Teachers should also be wary of homogenizing or significantly influencing students’ projects. Instead, students should be allowed to follow their interests, and teachers should teach the necessary tools required for projects, such as time management.
2. Time well spent. While advisories and “one on ones” can be useful tools for students, teachers need to ensure the meetings are not just about using educational buzzwords like “social and emotional learning” or “learning from failure” without connecting to students’ personal aspirations and goals. This can create a level of disenchantment among high schoolers who would rather learn something more applicable to their daily lives. An example of a meaningful advisory might focus on understanding world leaders and how to apply their characteristics to students’ own lives and dreams.
3. Graduation requirements. Innovative schools must have a clear idea of the character traits, values, and level of academic proficiency they expect from their graduates, and then translate them into rigorous, meaningful programs and milestones. Schools have a responsibility to cover all subject areas, not just STEM or humanities. Students must have access to specialists in each major subject area. This is something not found in many newer innovative schools. Schools can give their students access to experts by reaching out to the local community—contacting artists, physicians, or historians.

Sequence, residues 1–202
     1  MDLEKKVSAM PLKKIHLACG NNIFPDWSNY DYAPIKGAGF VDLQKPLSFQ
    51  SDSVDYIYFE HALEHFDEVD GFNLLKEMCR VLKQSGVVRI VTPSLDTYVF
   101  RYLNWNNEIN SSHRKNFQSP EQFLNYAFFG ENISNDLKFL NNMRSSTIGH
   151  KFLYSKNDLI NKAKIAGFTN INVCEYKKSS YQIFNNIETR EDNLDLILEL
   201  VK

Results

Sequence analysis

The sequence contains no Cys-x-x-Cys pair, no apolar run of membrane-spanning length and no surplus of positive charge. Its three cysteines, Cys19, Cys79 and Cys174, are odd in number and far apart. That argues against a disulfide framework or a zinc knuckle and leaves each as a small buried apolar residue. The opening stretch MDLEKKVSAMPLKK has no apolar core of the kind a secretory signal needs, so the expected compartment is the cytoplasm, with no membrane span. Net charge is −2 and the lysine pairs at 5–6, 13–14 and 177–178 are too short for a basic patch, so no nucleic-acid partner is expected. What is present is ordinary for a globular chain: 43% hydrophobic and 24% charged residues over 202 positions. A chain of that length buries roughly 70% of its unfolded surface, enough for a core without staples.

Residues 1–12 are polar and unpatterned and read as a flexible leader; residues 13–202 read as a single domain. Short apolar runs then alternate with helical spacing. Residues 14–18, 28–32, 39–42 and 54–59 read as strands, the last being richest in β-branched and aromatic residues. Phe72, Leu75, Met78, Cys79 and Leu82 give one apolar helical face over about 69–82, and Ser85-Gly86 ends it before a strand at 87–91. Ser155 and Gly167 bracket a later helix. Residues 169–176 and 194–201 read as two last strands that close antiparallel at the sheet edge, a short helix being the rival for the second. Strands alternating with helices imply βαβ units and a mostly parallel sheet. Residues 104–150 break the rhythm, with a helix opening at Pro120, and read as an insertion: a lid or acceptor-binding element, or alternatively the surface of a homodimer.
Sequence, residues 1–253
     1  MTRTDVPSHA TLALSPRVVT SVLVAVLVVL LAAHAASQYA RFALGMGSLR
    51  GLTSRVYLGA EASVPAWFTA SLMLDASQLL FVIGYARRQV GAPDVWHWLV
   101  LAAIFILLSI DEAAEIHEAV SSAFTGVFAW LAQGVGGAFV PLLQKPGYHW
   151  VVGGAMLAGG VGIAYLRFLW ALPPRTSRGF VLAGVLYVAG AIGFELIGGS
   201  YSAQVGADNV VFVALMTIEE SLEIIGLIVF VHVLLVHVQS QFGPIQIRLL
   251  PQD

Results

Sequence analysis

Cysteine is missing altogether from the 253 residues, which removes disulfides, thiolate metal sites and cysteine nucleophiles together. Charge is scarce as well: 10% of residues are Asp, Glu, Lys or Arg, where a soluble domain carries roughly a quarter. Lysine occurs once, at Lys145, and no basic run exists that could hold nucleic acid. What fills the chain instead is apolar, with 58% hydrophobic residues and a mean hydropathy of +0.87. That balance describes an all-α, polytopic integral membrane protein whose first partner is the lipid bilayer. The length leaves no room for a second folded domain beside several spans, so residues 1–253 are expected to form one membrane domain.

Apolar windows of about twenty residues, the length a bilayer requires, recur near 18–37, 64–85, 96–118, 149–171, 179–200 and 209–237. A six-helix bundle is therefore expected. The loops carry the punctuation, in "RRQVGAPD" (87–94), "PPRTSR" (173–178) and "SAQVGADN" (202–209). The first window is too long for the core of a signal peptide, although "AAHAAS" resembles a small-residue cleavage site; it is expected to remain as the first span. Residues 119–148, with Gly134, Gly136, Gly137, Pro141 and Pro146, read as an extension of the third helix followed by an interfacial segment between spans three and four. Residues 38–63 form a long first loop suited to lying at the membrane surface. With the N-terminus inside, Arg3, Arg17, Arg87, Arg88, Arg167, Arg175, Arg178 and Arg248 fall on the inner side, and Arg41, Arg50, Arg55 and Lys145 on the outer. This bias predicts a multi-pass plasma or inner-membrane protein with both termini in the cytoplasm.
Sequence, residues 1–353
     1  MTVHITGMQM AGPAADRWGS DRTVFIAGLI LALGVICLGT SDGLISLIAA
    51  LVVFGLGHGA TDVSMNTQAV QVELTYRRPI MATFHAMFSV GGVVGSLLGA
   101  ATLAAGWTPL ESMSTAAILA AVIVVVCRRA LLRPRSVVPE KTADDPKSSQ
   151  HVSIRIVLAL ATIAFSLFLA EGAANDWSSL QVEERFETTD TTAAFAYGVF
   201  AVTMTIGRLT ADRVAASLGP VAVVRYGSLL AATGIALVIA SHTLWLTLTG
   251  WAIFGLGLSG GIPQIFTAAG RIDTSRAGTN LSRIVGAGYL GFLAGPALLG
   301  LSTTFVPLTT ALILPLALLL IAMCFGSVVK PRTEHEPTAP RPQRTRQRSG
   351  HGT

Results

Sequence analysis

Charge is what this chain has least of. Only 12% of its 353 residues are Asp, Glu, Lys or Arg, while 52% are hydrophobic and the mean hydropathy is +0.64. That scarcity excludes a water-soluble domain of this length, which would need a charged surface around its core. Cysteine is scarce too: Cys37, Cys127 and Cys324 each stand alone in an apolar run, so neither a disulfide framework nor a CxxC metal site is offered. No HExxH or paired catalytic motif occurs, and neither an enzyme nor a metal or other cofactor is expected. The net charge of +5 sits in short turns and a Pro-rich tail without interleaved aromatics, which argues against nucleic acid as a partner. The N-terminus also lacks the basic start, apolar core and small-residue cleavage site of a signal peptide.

Innovative schools should also be familiar with standards such as the UC, IB, and other state, national, and international programs. Students of innovative schools should at least meet one or more of these requirements as well as provide an extra layer of rigor and relevant, advanced, and interesting courses, project ideas, and seminars. Occasional testing and assessment is necessary in order to keep students on track.
4. Focus on individualized learning. Despite the challenges some students experienced at their schools, almost every student I interviewed spoke about the overwhelming benefits of individualized educational programs. To deviate from the idea of personalized learning would be failing the very people innovative schools set out to help and prepare in the first place.
In my next and final post of this series, I will present findings and recommendations regarding the social aspects of students’ transitions to innovative schools.